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Product and process Print E-mail


Experts inform us of different approaches and how to use them, but we must not forget that our students don’t know about these theories. Some students want to know what the end product looks like before they start to learn. Others are more interested in the process of how to get there than the final product, confirming what experts have said for some time that not all students are the same. For them, the journey is more important than the destination.


I believe that sometimes teachers forget the problems they encountered when they try to learn something and so fail to understand their students when they experience difficulties.


I recount that when I was studying for a course, I had difficulty knowing how to write my first thesis. To the amazement of the rest of the class, I asked if I could see one before I attempted my own. My supervisor brought three to class the next day and all of a sudden my classmates were very interested in seeing the final product.


The shortage of teachers and the large class sizes that result from this, do not allow teachers sufficient time to individually analyse their students learning needs; however, it is possible to follow a product and process approach to learning, which might help the majority of students in the class.


An example of how this has worked in one of my classes, is when preparing to teach an English writing exercise for a class of chemistry majors. I would show them the finished product and then we would go through the process in class so they know how to get there.


I have found that the finished product can stimulate the students to see the context of what they are doing and how it fits into the overall scope of things. The process will give them the tools to complete the task and then with help and support, they will be able to complete similar tasks on their own.


This has also worked for interviews and presentations, where I have shown the students DVDs of previous students completing the tasks required and then challenged them to do the same or even better depending on the major of the students.


The majority of students have responded favourably; however, there will always be some who need more individual attention and this can be overcome by group-work and monitoring by the teacher to give the required support where necessary.


There is no foolproof method; though in my opinion, teachers need to experiment in their classrooms to find out ways to produce the best possible results. I am not referring to examination results; I mean that effective learning is taking place in the classroom.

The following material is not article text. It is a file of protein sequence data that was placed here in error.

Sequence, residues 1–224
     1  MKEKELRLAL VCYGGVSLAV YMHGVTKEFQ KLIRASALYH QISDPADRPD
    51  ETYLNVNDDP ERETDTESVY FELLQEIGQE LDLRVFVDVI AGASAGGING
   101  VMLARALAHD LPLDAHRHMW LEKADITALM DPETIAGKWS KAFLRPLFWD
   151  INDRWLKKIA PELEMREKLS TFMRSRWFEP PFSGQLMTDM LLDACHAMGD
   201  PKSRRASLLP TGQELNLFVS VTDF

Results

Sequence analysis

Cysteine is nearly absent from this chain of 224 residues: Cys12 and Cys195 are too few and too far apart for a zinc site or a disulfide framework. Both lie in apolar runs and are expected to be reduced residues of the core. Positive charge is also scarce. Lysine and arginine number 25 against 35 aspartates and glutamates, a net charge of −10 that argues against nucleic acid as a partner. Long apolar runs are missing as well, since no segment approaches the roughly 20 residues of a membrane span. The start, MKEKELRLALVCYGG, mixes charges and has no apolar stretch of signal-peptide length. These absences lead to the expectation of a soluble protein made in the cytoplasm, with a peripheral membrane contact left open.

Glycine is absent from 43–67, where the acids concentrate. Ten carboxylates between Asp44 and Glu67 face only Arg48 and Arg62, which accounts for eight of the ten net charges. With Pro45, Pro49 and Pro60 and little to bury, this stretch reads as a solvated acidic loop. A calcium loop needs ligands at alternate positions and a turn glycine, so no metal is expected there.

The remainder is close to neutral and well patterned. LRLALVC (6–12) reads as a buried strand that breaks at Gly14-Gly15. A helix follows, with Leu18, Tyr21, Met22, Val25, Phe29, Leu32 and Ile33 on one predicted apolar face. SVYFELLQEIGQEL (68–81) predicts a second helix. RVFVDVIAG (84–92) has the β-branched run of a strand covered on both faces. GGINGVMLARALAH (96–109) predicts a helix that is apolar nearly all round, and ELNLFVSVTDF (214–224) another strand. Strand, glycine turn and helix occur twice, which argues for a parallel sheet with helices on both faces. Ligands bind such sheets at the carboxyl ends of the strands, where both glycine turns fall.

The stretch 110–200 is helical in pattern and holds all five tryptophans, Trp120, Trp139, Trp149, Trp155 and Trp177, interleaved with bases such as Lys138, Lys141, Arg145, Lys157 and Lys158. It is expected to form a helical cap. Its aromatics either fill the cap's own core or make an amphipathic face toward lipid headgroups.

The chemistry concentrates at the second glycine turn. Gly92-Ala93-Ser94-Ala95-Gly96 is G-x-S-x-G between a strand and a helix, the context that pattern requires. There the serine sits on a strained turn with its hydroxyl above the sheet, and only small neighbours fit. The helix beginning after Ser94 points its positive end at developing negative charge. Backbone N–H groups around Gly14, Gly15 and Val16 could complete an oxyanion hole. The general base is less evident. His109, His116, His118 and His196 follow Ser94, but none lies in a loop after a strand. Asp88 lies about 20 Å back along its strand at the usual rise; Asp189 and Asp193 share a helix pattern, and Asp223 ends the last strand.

In order to bring the best out of our students, teachers must not be afraid to experiment with new ideas and techniques. The problem here is that some will work and some will fail. Too often teachers are afraid to try out new ideas for fear of failure.


Not all new methodologies will work with every class, so teachers have to use their judgement as to which ones they deem suitable for their class and then give it a go. This will involve a certain amount of trial and error; however, nothing ventured nothing gained.


A recent article in the Bangkok Post informed us of a two day language workshop run by the Surin Red Cross Society and provincial office where twenty five students from five public high schools were taught by ten foreign volunteers who live in the area and have married into the local community.


Activities involved the instructors and students going out and about using English in real contexts, mainly for tourism. When this project was first devised, there was no guarantee that it would be a success. Someone had the foresight to think of this approach and then have the determination to see it through. Fear of failure did not hold them back and the project was a considered a success by all those that took part.


This project is yet another example of what can be done by people who are determined to improve the English language ability of Thai students. I believe that local administrators need to give support to their teachers that show initiative and are prepared to experiment with new ideas and methodologies.


Jirayu Homrod showing the final product.

Jirayu Homrod showing the final product.
(Unedited article published in the Bangkok Post 05th February 2008)



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